Gluten. By now you’ve probably heard this word around the world and in the news quite frequently.
Defined as “a substance in wheat and flour that holds dough together,”1 gluten is actually a little more complicated than that, especially when it comes to complicating how our bodies work.
What is Gluten?
Gluten is found in grains such as wheat, barley, rye and triticale, and causes inflammation in the small intestines of people with celiac disease, according to Mayo Clinic.2 Aside from those with celiac disease, a gluten-free diet has proved effective for many with other ailments, including autoimmune diseases, digestive problems, migraines and more.
Gluten is in everything from deli meats to many cereals and packaged foods. It is harmless for children unless they have been diagnosed with celiac disease or a non-celiac gluten sensitivity. An intolerance or gluten sensitivity can show itself as gas, bloating, diarrhea, fatigue, dizziness and more.
Is a gluten-free diet necessary?
While we, as adults, are able to make a conscious dietary change and understand how it’s effecting us, it’s not as simple with children. Unless they have medical need for a gluten-free diet, will this change benefit them? That’s a question that you, as the parent, with the help of a doctor, need to address.
Because gluten is found in so many foods, unnecessarily restricting it can actually cause your child to miss out on nutrients like iron and B vitamins. If, after testing, you find a gluten-free diet is what your child needs, then you need to provide this. You can’t worry about the extra work or extra cost is creates. Here are some great tips for how to transition your child to a gluten-free diet:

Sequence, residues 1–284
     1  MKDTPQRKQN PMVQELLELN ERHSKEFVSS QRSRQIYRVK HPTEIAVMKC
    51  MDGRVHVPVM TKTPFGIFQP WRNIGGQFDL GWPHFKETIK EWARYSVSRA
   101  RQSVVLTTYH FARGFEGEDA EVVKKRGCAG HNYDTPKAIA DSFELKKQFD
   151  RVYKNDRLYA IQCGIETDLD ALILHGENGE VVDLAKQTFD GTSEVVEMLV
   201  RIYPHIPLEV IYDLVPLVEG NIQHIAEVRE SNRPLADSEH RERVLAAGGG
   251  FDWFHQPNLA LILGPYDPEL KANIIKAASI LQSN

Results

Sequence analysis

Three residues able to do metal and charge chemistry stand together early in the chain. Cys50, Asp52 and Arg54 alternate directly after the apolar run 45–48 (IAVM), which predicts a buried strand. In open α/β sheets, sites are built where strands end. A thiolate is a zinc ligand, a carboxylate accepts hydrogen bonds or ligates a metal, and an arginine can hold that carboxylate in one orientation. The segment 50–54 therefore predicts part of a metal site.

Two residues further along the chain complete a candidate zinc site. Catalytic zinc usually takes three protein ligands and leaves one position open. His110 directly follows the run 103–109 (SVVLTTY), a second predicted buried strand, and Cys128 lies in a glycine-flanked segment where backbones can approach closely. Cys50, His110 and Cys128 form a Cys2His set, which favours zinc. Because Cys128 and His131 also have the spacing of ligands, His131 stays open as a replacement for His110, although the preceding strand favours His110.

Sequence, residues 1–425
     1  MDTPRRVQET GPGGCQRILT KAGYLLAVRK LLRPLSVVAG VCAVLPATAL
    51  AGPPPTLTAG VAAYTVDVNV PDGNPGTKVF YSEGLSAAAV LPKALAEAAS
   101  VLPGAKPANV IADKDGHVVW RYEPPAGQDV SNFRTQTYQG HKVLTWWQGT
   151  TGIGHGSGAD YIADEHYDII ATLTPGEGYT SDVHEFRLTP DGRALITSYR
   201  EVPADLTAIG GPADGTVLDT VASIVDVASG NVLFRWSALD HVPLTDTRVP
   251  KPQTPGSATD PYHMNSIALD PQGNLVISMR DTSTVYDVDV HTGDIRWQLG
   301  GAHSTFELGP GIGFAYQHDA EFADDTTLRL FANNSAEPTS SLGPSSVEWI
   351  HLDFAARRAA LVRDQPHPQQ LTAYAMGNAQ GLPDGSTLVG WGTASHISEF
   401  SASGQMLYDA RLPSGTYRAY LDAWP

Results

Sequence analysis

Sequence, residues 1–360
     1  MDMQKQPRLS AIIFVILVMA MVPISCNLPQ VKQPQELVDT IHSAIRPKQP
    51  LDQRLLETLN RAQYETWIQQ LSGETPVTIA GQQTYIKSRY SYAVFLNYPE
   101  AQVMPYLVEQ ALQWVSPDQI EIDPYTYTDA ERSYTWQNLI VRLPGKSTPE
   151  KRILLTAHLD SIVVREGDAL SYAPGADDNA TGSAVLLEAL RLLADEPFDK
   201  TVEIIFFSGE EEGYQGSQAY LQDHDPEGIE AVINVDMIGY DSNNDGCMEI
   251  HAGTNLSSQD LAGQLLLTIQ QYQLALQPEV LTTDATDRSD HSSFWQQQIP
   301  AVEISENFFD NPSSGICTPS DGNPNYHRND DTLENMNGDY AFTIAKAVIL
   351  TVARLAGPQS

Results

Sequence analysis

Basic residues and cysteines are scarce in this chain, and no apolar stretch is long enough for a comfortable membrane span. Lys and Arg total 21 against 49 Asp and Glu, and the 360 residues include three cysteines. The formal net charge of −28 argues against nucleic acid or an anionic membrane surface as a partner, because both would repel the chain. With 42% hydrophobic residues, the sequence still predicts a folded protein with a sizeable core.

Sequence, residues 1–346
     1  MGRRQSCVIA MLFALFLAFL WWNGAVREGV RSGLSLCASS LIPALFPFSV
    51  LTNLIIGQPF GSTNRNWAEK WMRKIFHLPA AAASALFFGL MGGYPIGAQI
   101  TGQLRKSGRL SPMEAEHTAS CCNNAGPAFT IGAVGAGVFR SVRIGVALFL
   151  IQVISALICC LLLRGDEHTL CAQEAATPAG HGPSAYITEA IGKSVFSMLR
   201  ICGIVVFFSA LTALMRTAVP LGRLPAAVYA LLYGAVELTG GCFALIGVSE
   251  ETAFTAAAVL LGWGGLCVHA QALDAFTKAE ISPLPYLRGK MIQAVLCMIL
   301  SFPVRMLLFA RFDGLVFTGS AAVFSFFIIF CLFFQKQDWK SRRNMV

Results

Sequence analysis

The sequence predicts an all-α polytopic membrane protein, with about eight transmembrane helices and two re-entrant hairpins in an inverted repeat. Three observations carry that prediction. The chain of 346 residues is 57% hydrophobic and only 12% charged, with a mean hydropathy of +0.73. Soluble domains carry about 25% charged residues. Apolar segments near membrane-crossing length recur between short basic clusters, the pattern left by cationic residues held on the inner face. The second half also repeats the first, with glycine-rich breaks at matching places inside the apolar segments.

Consult your doctor: Check with a physician before drastically changing a child’s diet. A simple test can reveal if a child has celiac disease or a gluten intolerance and your doctor can help you ensure your child continues to get necessary vitamins and nutrients.3
Read labels: When it comes time to stock your kitchen with food for your gluten-free child, do your research on what can be eaten and what should be avoided. Read food labels to ensure all ingredients and okay. When out to eat at a restaurant, question the waiter or chef to ensure ordered items are gluten-free in the way they are prepared.
Make home-cooked meals: The easiest way to ensure your child is consuming gluten-free food? Preparing and handling the food yourself. By making a meal at home, you can easily ensure all ingredients are safe.
Have treats accessible: Gluten-free cookies, cake mixes and other sweets are now widely accessible and a great thing to keep at home. If your child is going to a birthday party, it might be best to send them with a sweet of their own so they don’t feel left out when it’s time to cut the birthday cake.
Make gluten-free a normal thing: Children want to fit in. Having different gluten-free food may make them feel as if they’re standing out, and not in a good way. There are great options for gluten-free breads, pizza, pretzels and more typical “kid” food that will allow them to eat just like their friends.
Do it together: If your child has to go gluten-free, do it as a family! It will bond your family together, won’t make your child feel left out, and you, as the parent, may also reap the benefits of a healthier diet.
For more information, visit CeliacCentral.org4 for great gluten-free food ideas for young children.